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Find out what you can vote in

Northern Ireland canvass

Every 10 years, a piece of work is carried out to make sure that the electoral register in Northern Ireland is up to date. This is called the canvass. All voters are asked to register to vote so that their details are accurate.
 

Register to vote now

Registering to vote takes just five minutes if you do it online. All you need is your National Insurance number.

Register to vote now.

Registering to vote

A little while after you’ve registered, you’ll appear on the electoral register. This is a list of everyone in your area who is registered to vote. It’s managed by the Electoral Office for Northern Ireland. 

You can’t check online to see if you’re registered to vote. If you have any questions about the electoral register or registering to vote, you should contact the Electoral Office for Northern Ireland

Living at two addresses

Some people split their time between two addresses. For example, you might be a student living away from home, or split your time between two parents’ homes. If this is you, you may be able to register to vote at two addresses, as long as your addresses are in different council areas. 

This doesn’t mean you get two votes though. You must only vote at one address in Northern Ireland Assembly elections and UK Parliament elections but you can choose which area to vote in. 

It’s against the law to vote more than once in the same election.
In local council elections, you’ll be able vote at both addresses as long as you’re voting in different council areas.

Armed forces

If you’re 16 or 17 and one of your parents is in the armed forces, you will be able to register to vote as a service voter. 

This means that if your family is posted to a different country, or if you move around a lot, you’ll still be able to vote in elections in Northern Ireland. You’ll just need to remember to renew this every year whilst you’re under 18.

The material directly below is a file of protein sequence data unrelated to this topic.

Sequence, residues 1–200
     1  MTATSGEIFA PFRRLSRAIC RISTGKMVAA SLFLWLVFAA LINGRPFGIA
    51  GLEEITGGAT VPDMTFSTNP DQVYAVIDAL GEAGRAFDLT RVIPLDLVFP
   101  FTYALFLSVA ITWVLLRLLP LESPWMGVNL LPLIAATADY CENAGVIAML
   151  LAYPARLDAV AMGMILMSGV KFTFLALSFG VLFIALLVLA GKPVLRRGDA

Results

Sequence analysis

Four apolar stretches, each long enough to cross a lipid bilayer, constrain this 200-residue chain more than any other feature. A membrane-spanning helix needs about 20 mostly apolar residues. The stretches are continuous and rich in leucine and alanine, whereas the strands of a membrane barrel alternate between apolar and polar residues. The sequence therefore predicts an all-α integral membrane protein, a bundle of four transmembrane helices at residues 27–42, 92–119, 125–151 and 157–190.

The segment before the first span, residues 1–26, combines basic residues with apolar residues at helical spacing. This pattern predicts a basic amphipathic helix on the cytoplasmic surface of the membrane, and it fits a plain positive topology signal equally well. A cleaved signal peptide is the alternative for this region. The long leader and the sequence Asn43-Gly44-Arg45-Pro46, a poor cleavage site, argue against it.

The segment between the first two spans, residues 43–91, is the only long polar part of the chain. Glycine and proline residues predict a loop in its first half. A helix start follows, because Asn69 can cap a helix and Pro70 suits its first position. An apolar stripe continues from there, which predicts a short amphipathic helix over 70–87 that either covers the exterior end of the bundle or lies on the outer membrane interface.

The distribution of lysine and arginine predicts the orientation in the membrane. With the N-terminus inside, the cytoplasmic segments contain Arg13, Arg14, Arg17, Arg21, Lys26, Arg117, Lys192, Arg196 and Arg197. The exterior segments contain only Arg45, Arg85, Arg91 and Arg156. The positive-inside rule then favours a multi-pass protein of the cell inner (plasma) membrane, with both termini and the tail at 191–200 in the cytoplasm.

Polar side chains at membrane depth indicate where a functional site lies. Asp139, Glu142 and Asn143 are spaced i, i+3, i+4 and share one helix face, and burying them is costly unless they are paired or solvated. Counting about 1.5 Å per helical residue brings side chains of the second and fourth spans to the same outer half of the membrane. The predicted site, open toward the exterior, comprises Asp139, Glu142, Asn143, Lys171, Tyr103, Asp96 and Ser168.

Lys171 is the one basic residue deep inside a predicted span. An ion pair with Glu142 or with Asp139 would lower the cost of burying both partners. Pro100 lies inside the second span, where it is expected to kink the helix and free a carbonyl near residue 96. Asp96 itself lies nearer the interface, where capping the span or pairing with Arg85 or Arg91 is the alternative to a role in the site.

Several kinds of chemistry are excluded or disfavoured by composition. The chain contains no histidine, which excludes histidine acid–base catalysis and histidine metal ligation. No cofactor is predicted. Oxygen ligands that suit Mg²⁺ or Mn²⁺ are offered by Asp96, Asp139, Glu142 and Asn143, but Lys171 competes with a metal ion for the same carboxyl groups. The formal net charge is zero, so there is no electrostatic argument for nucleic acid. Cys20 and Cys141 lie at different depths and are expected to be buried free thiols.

Living abroad

If you’re thinking about living in another country outside of the UK one day, even for a little while, you’ll still be able to vote in UK Parliamentary elections. 

As long as you’ve been registered to vote in the UK, and have been eligible to vote in general elections in the last 15 years, you’ll be allowed to continue voting for your MP. 

If you leave the UK before you are old enough to vote, you’ll still be able to register to vote if one of your parents has been registered to vote in UK general elections in the last 15 years. 

Postal votes can’t be sent outside of Northern Ireland, so if you’re an overseas or service voter, you’ll need to apply for a proxy vote. Take a look at ‘how to vote’. 

Councils’ responsibilities 

Councils are responsible for:

  • education services
  • youth and leisure facilities
  • planning decisions, for example, if your neighbour wanted to build an extension on their home
  • social housing
  • managing parks and other public places
  • social services such as foster care, help for people with disabilities, or care for the elderly
  • local roads and footpaths
  • rubbish and recycling
  • libraries
  • checking up on and supporting local businesses
  • registering voters and running elections

UK Parliament

The UK Parliament makes decisions about how the UK is run and makes laws that affect everyone’s lives. Its roles includes:

  • providing the funds to do government work by voting for tax
  • protecting the public and the rights of individuals
  • looking closely at government policy and actions - this is known as scrutinising
  • debating the major issues of the day 

Register to vote

Registering to vote

A little while after you’ve registered, you’ll appear on the electoral register. This is a list of everyone in your area who is registered to vote. These lists are managed by your local council’s elections team.

You can’t check online to see if you’re registered to vote, but if you have any questions about the electoral register or registering to vote, you should contact your electoral registration office. They’ll be happy to help. Find their contact details.

Living at two addresses

Some people split their time between two addresses. For example, you might be a student living away from home, or split your time between two parents’ homes. If this is you, you may be able to register to vote at two addresses, as long as your addresses are in different council areas. 

This doesn’t mean you get two votes though. You must only vote at one address in UK Parliament elections but you can choose which area to vote in. It’s against the law to vote more than once in the same election.

In local council elections, you’ll be able vote at both addresses as long as you’re voting in different council areas.

Living abroad

If you’re thinking about living in another country outside of the UK one day, even for a little while, you’ll still be able to vote in UK Parliamentary elections. 

As long as you’ve been registered to vote in the UK, and have been eligible to vote in UK Parliamentary general elections in the last 15 years, you’ll be allowed to continue voting for your MP. 

If you leave the UK before you are old enough to vote, you’ll still be able to register to vote if one of your parents has been registered to vote in UK general elections in the last 15 years. 
 

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